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So often I see total energies of transition states corrected for zero-point vibrational energy which always confuses me. Zero point energy is the lowest energy that a ground state minimum energy configuration can have at 0K in a vacuum. Transition states are indeed not minima, can never be isolated, have one imaginary mode of vibration, etc.

So why do people constantly factor in zero-point vibrational energy to the total energy for a transition state? Obviously this is done to have 'comparable' minima and TS energetics (if you are applying ZPE to the minima) but is this even physical? If zero-point correcting the TS, should the zero-point energy of the imaginary mode be included in the summation or excluded (or should both quantities be provided)?

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  • $\begingroup$ Transition states are much more real than you think. Read chemistry.stackexchange.com/a/16800/186. They can not be isolated, but they can be observed. The 1999 Nobel Prize in Chemistry was awarded for such observations. $\endgroup$
    – Wildcat
    Sep 29, 2014 at 14:08
  • $\begingroup$ @Wildcat I've omitted the word "observed". $\endgroup$ Sep 29, 2014 at 14:13
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    $\begingroup$ So, basically, the answer is, yes, you simply omit the normal mode with an imaginary frequency while calculating ZPE for TS. The mode with imaginary frequency is treated either as a very loose vibration with frequency that tends to zero or even as a translation. And in both cases it won't contribute to zero point vibrational energy. $\endgroup$
    – Wildcat
    Sep 29, 2014 at 14:37
  • $\begingroup$ @Wildcat Right but including ZPVE with a TS goes against its very definition. I think omitting the imaginary mode is mathematically convenient and it just 'sounds good' but in the end applying ZPVE to a TS is completely unphysical. $\endgroup$ Sep 30, 2014 at 11:32
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    $\begingroup$ Which quantities? Reaction rates, first of all. And here I can tell you only one thing: for unimolecular reaction rates RRKM theory in which contributions from normal-mode vibrations (and rotations) are included in the model works better than its predecessor, RRK theory. $\endgroup$
    – Wildcat
    Sep 30, 2014 at 12:00

1 Answer 1

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At the transition state, you have exactly one vibration mode with imaginary frequency (which corresponds locally to the reaction coordinate), and $3N-1$ other “normal” vibration modes. In the transition state theory, you separate out the reaction coordinate (consider it infinitely slow compared to the other movements). Thus, when you consider the energy of the transition state, you have to include the contributions of ground state energy of all the other vibration modes.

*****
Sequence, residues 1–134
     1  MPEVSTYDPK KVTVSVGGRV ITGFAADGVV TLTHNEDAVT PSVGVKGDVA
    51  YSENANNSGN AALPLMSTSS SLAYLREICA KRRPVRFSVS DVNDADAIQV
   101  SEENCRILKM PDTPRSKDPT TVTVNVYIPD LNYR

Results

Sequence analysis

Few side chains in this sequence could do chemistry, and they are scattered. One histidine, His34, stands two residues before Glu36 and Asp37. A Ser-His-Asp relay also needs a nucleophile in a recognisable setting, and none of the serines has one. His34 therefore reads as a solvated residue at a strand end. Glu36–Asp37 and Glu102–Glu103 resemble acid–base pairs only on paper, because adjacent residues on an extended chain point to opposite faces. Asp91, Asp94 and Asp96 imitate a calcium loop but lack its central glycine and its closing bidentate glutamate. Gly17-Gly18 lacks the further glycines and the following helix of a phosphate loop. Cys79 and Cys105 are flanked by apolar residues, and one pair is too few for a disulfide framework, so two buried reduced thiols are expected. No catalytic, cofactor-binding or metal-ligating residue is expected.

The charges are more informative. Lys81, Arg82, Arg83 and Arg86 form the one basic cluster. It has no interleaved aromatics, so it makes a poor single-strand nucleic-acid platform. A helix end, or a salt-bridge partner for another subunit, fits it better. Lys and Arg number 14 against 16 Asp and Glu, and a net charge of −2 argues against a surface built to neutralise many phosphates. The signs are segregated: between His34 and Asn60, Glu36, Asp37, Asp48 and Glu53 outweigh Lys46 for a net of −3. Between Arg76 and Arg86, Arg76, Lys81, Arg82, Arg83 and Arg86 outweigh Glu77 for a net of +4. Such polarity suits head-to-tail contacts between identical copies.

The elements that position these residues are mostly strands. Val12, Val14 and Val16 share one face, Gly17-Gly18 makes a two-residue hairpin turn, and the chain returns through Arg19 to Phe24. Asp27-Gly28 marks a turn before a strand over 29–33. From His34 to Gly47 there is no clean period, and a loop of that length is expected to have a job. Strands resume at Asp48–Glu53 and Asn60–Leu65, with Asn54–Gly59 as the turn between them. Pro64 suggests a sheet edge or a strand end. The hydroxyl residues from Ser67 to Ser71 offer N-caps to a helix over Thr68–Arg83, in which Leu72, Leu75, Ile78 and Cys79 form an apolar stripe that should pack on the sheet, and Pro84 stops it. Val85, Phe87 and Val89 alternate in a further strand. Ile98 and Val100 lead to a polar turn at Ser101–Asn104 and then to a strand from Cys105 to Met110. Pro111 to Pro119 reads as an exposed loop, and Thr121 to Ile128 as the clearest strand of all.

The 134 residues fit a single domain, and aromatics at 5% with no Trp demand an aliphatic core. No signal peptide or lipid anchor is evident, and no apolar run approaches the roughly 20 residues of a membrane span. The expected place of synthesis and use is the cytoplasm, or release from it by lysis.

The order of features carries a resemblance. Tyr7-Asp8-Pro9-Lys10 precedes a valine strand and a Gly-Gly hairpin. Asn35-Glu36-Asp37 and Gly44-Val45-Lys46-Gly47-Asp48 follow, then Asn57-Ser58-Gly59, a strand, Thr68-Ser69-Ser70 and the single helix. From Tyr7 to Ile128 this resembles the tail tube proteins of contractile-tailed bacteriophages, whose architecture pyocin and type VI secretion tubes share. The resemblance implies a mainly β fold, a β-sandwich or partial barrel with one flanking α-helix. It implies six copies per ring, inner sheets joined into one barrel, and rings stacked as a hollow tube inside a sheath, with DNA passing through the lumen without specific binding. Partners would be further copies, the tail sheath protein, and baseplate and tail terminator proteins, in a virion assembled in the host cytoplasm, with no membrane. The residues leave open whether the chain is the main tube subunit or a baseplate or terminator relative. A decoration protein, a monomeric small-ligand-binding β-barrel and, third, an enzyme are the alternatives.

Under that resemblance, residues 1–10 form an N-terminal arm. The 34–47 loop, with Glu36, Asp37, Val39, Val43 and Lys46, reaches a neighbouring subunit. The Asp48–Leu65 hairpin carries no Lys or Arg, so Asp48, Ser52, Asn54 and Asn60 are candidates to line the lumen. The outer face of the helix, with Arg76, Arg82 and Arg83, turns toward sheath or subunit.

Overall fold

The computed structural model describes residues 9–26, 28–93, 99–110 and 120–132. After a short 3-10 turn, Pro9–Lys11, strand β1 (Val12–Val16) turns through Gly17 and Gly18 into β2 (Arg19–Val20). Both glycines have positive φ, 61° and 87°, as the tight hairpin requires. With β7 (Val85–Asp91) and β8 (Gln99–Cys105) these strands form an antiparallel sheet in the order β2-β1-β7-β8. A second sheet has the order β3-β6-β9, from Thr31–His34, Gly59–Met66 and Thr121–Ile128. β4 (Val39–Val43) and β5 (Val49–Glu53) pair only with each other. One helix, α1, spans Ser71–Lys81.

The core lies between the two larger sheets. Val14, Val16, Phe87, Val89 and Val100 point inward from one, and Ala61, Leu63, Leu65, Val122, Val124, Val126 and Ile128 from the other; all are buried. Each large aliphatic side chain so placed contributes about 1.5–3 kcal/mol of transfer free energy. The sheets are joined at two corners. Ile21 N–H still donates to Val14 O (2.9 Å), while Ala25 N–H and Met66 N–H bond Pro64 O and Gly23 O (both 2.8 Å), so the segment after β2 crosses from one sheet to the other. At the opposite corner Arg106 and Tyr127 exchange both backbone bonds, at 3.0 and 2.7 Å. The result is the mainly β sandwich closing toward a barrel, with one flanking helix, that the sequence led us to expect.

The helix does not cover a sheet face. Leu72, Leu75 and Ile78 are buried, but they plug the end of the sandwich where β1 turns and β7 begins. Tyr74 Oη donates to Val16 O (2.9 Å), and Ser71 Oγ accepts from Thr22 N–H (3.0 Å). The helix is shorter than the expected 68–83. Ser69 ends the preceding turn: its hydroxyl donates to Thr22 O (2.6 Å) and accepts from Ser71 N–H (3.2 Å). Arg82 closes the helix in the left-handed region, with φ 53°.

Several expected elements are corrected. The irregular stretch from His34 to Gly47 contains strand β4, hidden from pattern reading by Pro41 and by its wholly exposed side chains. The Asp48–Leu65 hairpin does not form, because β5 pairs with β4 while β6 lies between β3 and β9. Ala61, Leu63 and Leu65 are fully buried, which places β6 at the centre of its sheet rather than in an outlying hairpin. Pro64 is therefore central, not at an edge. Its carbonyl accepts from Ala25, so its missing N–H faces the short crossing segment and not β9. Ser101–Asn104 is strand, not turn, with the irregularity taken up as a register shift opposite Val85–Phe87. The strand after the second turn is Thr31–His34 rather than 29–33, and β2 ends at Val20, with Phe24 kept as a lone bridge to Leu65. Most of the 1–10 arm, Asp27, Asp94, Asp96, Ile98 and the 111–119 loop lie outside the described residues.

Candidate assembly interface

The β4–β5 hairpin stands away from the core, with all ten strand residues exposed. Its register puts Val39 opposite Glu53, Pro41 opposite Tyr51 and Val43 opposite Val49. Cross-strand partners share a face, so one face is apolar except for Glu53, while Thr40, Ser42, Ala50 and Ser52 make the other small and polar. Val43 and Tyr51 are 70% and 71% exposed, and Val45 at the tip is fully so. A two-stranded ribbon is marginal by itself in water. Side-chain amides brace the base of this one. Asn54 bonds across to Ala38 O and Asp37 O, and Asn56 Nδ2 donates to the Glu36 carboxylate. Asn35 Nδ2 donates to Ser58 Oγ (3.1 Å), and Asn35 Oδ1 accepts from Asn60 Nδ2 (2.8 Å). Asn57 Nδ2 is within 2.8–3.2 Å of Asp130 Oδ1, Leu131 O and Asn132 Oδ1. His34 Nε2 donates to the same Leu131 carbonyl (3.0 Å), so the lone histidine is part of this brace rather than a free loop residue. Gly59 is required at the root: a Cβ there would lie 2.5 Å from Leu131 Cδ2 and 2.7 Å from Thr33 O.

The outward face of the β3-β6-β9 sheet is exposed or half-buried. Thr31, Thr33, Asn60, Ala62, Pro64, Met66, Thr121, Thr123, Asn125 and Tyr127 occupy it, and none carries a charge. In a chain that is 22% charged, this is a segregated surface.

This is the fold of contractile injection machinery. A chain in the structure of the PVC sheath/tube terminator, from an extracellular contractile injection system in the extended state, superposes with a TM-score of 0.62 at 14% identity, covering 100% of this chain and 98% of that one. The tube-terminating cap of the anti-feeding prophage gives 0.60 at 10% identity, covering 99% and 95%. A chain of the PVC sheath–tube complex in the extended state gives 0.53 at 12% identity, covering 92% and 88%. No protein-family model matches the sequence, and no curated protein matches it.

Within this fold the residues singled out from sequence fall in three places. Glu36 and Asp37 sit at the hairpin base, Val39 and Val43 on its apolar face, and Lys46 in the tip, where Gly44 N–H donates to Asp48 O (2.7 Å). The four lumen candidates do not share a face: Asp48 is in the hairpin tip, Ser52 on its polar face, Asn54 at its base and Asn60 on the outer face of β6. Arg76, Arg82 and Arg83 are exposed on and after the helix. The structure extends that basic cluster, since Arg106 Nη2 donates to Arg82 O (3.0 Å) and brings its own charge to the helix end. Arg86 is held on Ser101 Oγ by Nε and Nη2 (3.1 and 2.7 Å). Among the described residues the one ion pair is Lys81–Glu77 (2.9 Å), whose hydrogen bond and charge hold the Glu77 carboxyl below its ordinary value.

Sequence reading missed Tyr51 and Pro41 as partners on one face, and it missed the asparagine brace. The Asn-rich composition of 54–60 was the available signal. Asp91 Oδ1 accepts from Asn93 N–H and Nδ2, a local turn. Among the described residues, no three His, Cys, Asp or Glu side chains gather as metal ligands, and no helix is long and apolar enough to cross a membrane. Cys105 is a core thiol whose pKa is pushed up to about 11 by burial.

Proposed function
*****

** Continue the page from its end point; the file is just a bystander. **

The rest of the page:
The more rigorous way of looking at it is to use statistical physics, and to consider the partition function of the transition state. See here or there for such treatments.

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  • $\begingroup$ So what you're saying is, we just throw out vibrational modes until we get a 'ground state' molecule? (I say modes because this concept can be applied to higher order saddle points) $\endgroup$ Oct 23, 2013 at 12:06
  • $\begingroup$ @LordStryker you calculate the ZPE by summing over all modes that have an imaginary frequency (i.e. correspond to negative eigenvalues of the Hessian matrix). For a true transition state, this should be all modes but one. $\endgroup$
    – F'x
    Oct 23, 2013 at 12:41
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    $\begingroup$ The only thing I'm still unclear about is what consequences are there to throwing away vibrational modes? Now you'd be comparing the relative energy of a TS with X-1 number of modes to say an intermediate with X number of modes. $\endgroup$ Oct 23, 2013 at 12:50
  • $\begingroup$ @LordStryker that's normal. If you want to know why, read the statistical physics treatment of transition state theory, and you'll see why! $\endgroup$
    – F'x
    Oct 23, 2013 at 12:56
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    $\begingroup$ @LordStryker TST has much worse flaws than ignoring the imaginary mode. For saddle points of higher order, TST is not even applicable anymore.// Rotational and translational modes are also projected out, so you end up with $3N-7$ or $3N-6$ (for linear molecules). $\endgroup$ Sep 30, 2014 at 11:29

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